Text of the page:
Consume foods that may help to lower uric acid levels– this includes fruit and vegetables such as cherries. Cherries also have anti-inflammatory properties and are a rich source of antioxidants.

4. Injury

Are you aware of a practical reason for your pain, such as a fall? Often this can contribute to painful joints, even if the injury didn't feel like such a big issue at the time of impact!

An injury may also cause you to hold your body differently, which can lead to additional problems. You see, it's hard to avoid using weight-bearing joints like our knees so, if the area is painful, we often subconsciously change our posture to avoid putting pressure on the uncomfortable area. This can skew our musculature and can add to the problem; or it may cause issues to crop up elsewhere.

Repetitive Strain Injury (RSI) is another common cause of joint pain. This often occurs in the finger or wrist joints, due to movements like typing. Driving can also cause RSI to the shoulder joints, whilst running can lead to the problem developing in the knees.

Treatments for joint injuries

Rest – joint injuries can take time to heal so, even though it may be difficult, try to keep the affected area rested as much as possible. Hold off from doing any high impact exercises and stick to gentle activities like walking once you're up and moving again.

Apply Atrogel Arnica gel – as long as the skin is not broken, you may find it helpful to apply Atrogel to the affected area. This pleasant-smelling gel can be very soothing and has beneficial anti-inflammatory and pain-relieving properties. It brings quick relief, which is a real benefit too.

See a physiotherapist – injuries to the joints, and the knee joints in particular, are notoriously difficult to treat. I suggest that you ask for a referral to a physiotherapist if the problem persists.

Consult an osteopath – here they use massage, movement and stretching to help sort out musculoskeletal issues. A cranial osteopath will work with soft tissue in very subtle ways.

5. Aging

Everyday activities and even our jobs can take their toll on the health of the joints, meaning aches and pains become more likely as we get older. This wear and tear isn't inevitable, though, and making some changes can bring relief.

Treating joint pain due to aging

Use Atrogel Arnica Gel – this should ease inflammation and stiffness in the joints.

Increase your magnesium intake – low magnesium levels are associated with aches and pains, so try to increase your intake. Good food sources are deep green veg, almonds, hazels, brown rice, dates, figs and dried apricots.

Drink more water – this is an important step in managing joint pain.

Take glucosamine sulphate – take this long-term to strengthen the connective tissue. You should be able to find this in your nearest health food store. The earlier you can start taking this the better!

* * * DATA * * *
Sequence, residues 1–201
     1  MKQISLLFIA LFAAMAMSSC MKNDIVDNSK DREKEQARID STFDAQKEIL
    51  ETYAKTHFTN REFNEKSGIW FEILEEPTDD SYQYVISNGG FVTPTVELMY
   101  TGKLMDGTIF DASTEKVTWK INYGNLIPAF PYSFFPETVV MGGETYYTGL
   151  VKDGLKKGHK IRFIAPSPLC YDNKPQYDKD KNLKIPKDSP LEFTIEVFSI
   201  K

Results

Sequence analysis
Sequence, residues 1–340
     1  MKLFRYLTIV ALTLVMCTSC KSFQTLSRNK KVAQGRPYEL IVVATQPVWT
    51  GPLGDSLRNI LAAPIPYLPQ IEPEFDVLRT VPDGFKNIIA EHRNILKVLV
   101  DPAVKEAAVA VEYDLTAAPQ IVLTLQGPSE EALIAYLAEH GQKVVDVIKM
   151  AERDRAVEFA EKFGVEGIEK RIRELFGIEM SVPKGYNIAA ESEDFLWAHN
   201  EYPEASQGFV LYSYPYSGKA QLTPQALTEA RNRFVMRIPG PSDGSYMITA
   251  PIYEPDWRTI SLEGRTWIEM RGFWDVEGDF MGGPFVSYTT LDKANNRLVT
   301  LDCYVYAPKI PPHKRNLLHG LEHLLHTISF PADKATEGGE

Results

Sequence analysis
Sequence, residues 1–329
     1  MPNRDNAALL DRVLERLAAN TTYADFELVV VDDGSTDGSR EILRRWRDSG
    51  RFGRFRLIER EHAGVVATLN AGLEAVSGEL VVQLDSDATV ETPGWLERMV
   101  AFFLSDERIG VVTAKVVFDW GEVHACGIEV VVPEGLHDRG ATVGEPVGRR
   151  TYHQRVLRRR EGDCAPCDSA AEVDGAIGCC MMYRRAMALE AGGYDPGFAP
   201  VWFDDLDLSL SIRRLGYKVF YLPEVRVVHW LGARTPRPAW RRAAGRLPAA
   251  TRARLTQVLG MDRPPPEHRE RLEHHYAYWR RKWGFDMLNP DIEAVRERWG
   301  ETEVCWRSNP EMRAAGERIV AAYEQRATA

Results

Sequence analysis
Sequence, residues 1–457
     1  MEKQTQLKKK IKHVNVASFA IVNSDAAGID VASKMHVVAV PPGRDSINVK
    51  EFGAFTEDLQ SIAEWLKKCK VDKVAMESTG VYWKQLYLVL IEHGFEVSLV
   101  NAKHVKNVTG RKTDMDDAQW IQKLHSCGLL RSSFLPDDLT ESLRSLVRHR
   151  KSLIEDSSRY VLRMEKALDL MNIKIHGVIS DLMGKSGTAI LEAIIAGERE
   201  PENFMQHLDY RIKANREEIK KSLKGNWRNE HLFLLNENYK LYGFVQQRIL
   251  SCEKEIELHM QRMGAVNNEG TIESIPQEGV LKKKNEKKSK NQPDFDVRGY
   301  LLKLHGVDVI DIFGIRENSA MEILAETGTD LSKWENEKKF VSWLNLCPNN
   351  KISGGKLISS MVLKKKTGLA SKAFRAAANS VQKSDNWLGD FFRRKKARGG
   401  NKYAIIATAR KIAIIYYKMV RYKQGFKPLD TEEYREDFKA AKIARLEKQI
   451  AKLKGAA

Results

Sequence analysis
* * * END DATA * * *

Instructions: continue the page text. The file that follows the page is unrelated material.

Keep moving – check out our blog '5 exercise tips for older adults' if you need further advice.

6. Medication

Some medications are associated with joint pain. Statins, in particular, have been linked with muscle and joint pain. These are widely prescribed to treat high cholesterol.

Treating joint pain due to medication

Consult your doctor – it is important that you continue to take prescribed medicines, even if they contribute to new symptoms. However, you should consult your doctor to let them know about your symptoms, just in case your medications need to be revised.

Apply Atrogel Arnica gel – this topical gel can be applied externally to help with muscle and joint pains.

Other causes of joint pain

Although I have explained some of the most common reasons for joint pain, there are other a number of other things that could explain your discomfort, including:

  • An allergic reaction to medication
  • Arthrofibrosis
  • Autoimmune disease
  • Bursitis
  • Infection
  • High vitamin A intake
  • Tennis elbow

If you are still unsure about the cause of your joint pain or need further advice, please consult your doctor.

A.Vogel Atrogel Muscle Aches & Pains

Arnica gel for relief of muscle pains, stiffness, sprains and bruising. 100ml size available.
More info

What's being asked

My joints and bones are very painful, more so the bones. What can I do?

I can recommend our Atrosan tablets for the pain you are suffering and you may wish to try applying ...
Read more >

I have painful knee and get stiff cramps. What would you recommend?

Cramps can be brought on by sudden changes in temperature, poor circulation to the affected muscle ...
Read more >

I have a pain in my hip going down my leg when I lie down to sleep on my side.

This may be a trapped nerve, so it would be sensible to consult a physiotherapist or cranial ...
Read more >

Just how healthy are your muscles and joints?

Answer our questions and find out if your flexibility is compromised.

Find out how flexible you are

Here's what I recommend

As the A. Vogel Muscles and Joints advisor, I recommend Atrogel® for the effective relief from aches and pains.

Learn more

Did you know?

Your gut could be to blame for your joint pain! New studies have found potential links between the 'bad' bacteria in the digestive tracts and certain types of joint pain!

Is your gut to blame?

Healthy & nutritious dinner ideas

Get new recipes in your inbox every week. Sign up now

Can’t Sleep? Take our sleep test for personalised results in under a minute!